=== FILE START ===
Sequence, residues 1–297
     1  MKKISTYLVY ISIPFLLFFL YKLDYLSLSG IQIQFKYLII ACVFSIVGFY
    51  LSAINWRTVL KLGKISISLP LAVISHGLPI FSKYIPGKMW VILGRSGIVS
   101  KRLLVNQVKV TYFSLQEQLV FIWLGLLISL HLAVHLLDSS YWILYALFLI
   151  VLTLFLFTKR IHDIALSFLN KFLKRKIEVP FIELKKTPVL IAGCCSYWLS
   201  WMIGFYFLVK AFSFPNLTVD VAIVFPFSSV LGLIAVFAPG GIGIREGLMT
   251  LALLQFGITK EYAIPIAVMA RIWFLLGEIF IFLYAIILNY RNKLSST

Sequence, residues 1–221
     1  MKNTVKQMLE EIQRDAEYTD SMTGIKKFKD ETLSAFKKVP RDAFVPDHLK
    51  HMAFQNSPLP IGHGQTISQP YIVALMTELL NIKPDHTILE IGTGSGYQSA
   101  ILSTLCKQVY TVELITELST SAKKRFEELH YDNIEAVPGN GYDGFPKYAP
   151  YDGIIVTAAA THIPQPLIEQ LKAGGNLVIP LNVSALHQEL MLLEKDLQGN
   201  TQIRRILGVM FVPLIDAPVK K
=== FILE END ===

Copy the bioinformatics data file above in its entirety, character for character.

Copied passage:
Sequence, residues 1–297
     1  MKKISTYLVY ISIPFLLFFL YKLDYLSLSG IQIQFKYLII ACVFSIVGFY
    51  LSAINWRTVL KLGKISISLP LAVISHGLPI FSKYIPGKMW VILGRSGIVS
   101  KRLLVNQVKV TYFSLQEQLV FIWLGLLISL HLAVHLLDSS YWILYALFLI
   151  VLTLFLFTKR IHDIALSFLN KFLKRKIEVP FIELKKTPVL IAGCCSYWLS
   201  WMIGFYFLVK AFSFPNLTVD VAIVFPFSSV LGLIAVFAPG GIGIREGLMT
   251  LALLQFGITK EYAIPIAVMA RIWFLLGEIF IFLYAIILNY RNKLSST

Sequence, residues 1–221
     1  MKNTVKQMLE EIQRDAEYTD SMTGIKKFKD ETLSAFKKVP RDAFVPDHLK
    51  HMAFQNSPLP IGHGQTISQP YIVALMTELL NIKPDHTILE IGTGSGYQSA
   101  ILSTLCKQVY TVELITELST SAKKRFEELH YDNIEAVPGN GYDGFPKYAP
   151  YDGIIVTAAA THIPQPLIEQ LKAGGNLVIP LNVSALHQEL MLLEKDLQGN
   201  TQIRRILGVM FVPLIDAPVK K